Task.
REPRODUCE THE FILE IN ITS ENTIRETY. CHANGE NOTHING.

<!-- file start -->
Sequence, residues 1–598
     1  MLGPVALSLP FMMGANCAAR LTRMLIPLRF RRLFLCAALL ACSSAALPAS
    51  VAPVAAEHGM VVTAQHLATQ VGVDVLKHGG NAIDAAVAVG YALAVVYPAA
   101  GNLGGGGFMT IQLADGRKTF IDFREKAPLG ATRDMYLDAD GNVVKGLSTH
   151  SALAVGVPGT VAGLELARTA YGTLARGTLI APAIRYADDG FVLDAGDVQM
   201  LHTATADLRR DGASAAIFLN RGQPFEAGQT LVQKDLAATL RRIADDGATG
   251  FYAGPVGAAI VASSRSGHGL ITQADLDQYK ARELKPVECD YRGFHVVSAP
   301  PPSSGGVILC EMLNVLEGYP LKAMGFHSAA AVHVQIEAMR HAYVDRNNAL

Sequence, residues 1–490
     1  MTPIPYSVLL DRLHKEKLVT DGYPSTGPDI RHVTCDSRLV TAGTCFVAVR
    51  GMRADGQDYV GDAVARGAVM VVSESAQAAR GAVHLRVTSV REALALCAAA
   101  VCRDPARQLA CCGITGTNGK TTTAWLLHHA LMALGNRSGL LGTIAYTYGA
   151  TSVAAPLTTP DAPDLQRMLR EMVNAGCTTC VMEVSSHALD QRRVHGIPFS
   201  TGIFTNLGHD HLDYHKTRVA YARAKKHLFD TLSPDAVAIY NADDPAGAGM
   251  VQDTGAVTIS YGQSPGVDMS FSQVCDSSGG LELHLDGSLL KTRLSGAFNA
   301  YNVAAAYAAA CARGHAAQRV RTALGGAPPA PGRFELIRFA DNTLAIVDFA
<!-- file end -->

Sequence, residues 1–598
     1  MLGPVALSLP FMMGANCAAR LTRMLIPLRF RRLFLCAALL ACSSAALPAS
    51  VAPVAAEHGM VVTAQHLATQ VGVDVLKHGG NAIDAAVAVG YALAVVYPAA
   101  GNLGGGGFMT IQLADGRKTF IDFREKAPLG ATRDMYLDAD GNVVKGLSTH
   151  SALAVGVPGT VAGLELARTA YGTLARGTLI APAIRYADDG FVLDAGDVQM
   201  LHTATADLRR DGASAAIFLN RGQPFEAGQT LVQKDLAATL RRIADDGATG
   251  FYAGPVGAAI VASSRSGHGL ITQADLDQYK ARELKPVECD YRGFHVVSAP
   301  PPSSGGVILC EMLNVLEGYP LKAMGFHSAA AVHVQIEAMR HAYVDRNNAL

Sequence, residues 1–490
     1  MTPIPYSVLL DRLHKEKLVT DGYPSTGPDI RHVTCDSRLV TAGTCFVAVR
    51  GMRADGQDYV GDAVARGAVM VVSESAQAAR GAVHLRVTSV REALALCAAA
   101  VCRDPARQLA CCGITGTNGK TTTAWLLHHA LMALGNRSGL LGTIAYTYGA
   151  TSVAAPLTTP DAPDLQRMLR EMVNAGCTTC VMEVSSHALD QRRVHGIPFS
   201  TGIFTNLGHD HLDYHKTRVA YARAKKHLFD TLSPDAVAIY NADDPAGAGM
   251  VQDTGAVTIS YGQSPGVDMS FSQVCDSSGG LELHLDGSLL KTRLSGAFNA
   301  YNVAAAYAAA CARGHAAQRV RTALGGAPPA PGRFELIRFA DNTLAIVDFA